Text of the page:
(Photo by Ralph Booker, Extension Educator, Marshall County)
(Click on the smaller image to view a larger image.)
Many reports are coming in of brownish-gray to buff colored moths congregating near homes and landscapes in the evening hours. These have been identified as the adult stage of the armyworm caterpillar (Noctuidae: Pseudaletia unipuncta). During the early spring, caterpillars measuring 1.5 inches in length and having longitudinal white stripes on the sides and back, were commonly reported in agronomic and turfgrass areas where they were found feeding on many different plants. Some damage to crops and other plants was reported, however, most damage is done by the first generation of the year. Later in the spring and summer, damage tapers off considerably as do the numbers of armyworms. Possibly, the unusual weather conditions we experienced early this year in some way allowed the armyworms to increase to higher than normal populations. The result -- lots of the moths flying around lights and residences right now.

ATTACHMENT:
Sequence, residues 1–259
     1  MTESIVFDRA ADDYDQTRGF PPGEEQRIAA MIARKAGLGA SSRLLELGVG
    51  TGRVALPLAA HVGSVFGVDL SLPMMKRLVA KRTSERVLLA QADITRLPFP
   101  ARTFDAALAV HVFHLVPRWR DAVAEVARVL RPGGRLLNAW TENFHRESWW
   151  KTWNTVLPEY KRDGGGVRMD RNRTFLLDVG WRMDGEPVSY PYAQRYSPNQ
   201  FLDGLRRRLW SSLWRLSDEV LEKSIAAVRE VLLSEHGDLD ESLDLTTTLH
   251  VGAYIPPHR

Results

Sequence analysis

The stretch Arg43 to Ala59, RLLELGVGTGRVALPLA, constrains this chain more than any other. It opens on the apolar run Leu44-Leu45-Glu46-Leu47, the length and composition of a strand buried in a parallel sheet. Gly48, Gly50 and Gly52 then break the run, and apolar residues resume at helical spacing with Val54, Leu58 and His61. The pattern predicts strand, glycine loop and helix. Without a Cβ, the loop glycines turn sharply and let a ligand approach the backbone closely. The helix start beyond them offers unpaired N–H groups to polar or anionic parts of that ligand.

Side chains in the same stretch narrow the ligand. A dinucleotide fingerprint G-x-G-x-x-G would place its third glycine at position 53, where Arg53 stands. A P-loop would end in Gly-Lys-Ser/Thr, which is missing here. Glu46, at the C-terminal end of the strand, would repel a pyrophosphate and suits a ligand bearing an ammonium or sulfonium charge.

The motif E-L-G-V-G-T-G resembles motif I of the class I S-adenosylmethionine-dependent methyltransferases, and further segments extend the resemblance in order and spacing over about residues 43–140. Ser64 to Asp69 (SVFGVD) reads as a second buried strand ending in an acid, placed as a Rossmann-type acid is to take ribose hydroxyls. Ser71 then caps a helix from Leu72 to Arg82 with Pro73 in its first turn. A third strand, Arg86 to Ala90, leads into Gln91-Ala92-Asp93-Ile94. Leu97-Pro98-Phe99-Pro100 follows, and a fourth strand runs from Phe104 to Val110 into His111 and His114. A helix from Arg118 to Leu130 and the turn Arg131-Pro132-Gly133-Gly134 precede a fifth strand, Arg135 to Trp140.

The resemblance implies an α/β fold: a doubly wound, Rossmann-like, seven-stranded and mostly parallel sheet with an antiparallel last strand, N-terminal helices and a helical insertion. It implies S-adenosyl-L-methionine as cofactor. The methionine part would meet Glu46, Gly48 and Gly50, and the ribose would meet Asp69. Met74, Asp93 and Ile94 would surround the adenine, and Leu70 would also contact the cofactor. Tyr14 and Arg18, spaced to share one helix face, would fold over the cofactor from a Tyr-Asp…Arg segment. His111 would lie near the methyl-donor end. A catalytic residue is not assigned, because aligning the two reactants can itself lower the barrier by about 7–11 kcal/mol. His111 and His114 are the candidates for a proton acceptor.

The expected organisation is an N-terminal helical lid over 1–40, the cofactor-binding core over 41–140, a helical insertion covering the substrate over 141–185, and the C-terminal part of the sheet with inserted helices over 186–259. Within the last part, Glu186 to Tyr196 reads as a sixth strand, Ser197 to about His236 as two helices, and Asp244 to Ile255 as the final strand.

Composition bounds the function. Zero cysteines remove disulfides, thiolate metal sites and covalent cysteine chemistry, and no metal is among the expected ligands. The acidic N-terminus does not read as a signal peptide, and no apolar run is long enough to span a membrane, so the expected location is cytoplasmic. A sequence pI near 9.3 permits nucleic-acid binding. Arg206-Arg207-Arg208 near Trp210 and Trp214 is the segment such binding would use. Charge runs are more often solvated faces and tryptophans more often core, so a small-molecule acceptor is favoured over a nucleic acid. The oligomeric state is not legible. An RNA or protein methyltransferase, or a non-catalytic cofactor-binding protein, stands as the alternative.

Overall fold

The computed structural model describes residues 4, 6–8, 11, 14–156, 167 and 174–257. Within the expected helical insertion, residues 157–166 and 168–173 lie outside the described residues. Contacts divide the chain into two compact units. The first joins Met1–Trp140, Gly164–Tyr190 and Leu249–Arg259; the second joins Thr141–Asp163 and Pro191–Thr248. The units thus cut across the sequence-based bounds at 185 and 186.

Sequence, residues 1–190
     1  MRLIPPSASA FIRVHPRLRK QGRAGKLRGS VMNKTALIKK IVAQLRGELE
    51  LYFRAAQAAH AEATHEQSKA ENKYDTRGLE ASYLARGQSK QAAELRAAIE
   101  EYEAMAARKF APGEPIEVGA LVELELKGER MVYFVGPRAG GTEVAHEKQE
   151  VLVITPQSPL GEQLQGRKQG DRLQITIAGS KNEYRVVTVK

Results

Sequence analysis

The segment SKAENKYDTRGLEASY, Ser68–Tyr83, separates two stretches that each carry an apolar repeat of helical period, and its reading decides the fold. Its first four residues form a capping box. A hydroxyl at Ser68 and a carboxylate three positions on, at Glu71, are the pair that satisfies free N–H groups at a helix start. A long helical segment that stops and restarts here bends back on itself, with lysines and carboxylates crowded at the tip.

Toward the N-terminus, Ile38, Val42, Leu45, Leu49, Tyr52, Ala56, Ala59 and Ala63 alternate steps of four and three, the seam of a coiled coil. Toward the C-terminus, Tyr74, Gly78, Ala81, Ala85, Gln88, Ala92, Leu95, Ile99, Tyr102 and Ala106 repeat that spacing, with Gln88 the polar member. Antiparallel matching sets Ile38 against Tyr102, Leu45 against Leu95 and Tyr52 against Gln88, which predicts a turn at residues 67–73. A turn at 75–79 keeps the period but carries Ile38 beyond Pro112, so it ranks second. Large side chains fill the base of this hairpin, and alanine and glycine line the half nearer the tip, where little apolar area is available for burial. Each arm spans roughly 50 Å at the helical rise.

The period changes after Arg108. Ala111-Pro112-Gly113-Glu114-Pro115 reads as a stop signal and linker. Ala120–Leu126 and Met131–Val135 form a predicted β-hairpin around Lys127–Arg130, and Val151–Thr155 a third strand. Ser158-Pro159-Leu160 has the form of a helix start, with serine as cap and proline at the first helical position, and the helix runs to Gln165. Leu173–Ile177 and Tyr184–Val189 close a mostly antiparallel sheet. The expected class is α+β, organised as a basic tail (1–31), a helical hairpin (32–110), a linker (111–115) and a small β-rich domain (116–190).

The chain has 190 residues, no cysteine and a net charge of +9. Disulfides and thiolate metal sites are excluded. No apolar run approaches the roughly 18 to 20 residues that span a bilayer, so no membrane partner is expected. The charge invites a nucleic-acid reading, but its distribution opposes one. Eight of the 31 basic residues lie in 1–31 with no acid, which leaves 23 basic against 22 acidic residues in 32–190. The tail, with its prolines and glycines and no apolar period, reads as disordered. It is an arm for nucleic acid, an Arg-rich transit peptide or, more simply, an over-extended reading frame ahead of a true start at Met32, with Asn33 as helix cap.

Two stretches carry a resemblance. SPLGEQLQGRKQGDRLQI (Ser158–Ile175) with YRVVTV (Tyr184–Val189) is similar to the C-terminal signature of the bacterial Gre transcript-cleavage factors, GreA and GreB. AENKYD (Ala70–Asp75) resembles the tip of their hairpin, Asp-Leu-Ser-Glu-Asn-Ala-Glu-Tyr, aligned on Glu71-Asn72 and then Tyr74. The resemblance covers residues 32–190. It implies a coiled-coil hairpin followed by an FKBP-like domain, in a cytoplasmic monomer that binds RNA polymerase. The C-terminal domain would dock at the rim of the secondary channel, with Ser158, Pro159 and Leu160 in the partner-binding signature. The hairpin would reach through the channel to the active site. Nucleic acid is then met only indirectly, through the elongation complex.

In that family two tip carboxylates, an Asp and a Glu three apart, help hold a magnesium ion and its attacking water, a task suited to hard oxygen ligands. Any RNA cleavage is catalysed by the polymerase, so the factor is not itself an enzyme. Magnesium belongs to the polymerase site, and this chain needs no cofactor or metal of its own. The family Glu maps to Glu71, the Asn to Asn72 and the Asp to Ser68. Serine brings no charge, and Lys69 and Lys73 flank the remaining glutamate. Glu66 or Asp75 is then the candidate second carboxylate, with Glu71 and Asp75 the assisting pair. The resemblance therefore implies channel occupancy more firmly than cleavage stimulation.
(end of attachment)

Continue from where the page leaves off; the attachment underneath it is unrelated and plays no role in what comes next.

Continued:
Homeowners should know that, although these moths are a nuisance and sometimes find their way into homes, they will not harm people, houses, or yards.
(You may also wish to view the What's Hot page on Armyworm with more info on the armyworm larvae and damaged caused.)
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Last updated: 24 May 2001/tlm.
The Plant & Pest Diagnostic Laboratory at Purdue University.